I was scrolling through the photos on my phone when I came across this picture my four year-old son, Enrico took, unbeknownst to me. The first thing I thought when I saw this was: point of view. Before I noticed his shoes at the bottom, I knew I didn’t take the photo. There’s something “off” about the point of view. I couldn’t take this photo. I’m much taller and I would have straightened the frame.
I get a strong feeling from seeing Enrico’s point of view. I’m in his head, behind his eyes for the moment. For once, I’m not gazing on this room thinking of the tidying that’s needed. I sense his enjoyment of the rooms in the photo. Perhaps wondering what he’ll do next, when he puts down mom’s phone.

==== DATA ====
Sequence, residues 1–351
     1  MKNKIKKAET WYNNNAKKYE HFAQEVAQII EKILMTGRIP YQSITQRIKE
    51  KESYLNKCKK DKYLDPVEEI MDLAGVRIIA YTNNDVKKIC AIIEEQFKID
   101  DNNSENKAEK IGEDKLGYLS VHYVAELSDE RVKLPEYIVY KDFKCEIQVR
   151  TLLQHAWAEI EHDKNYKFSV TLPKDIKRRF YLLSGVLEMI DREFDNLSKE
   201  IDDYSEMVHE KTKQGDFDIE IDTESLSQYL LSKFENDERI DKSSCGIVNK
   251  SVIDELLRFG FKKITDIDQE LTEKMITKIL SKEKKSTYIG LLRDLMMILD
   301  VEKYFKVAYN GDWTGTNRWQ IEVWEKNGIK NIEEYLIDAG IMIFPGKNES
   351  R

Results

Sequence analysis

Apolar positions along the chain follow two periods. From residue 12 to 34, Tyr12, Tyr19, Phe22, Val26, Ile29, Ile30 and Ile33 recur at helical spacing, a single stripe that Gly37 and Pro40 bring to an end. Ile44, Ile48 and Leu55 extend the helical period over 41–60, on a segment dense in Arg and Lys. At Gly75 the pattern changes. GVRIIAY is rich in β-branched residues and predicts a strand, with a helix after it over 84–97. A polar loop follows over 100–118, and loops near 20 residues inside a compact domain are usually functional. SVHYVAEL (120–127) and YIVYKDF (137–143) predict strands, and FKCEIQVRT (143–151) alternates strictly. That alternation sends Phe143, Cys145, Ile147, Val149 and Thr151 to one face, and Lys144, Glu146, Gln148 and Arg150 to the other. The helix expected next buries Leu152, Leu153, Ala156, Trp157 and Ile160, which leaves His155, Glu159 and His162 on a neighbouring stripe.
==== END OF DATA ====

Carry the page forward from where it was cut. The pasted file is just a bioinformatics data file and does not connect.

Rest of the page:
When I think of all the elements of fiction that one needs to get right to make any piece work, I’m nearly suffocating with stress and the impossibility of it all. Character, narrative drive, arc, plot, setting, language, voice and point of view, to name a few. It’s staggering. I suppose the more writing you do, the more these things happen naturally and they don’t have to be thought of with each and every sentence. But they do have to be worked on to some degree, often an extreme one that leaves me incapacitated and wanting just to retreat into great reading, or at least more caffeine.
Well, here’s to point of view. Next time I’m a bit immobilized by the work (is that what’s happening today?) I might just do a short exercise focusing on one darn thing: the skewed room with the little shoes at the bottom.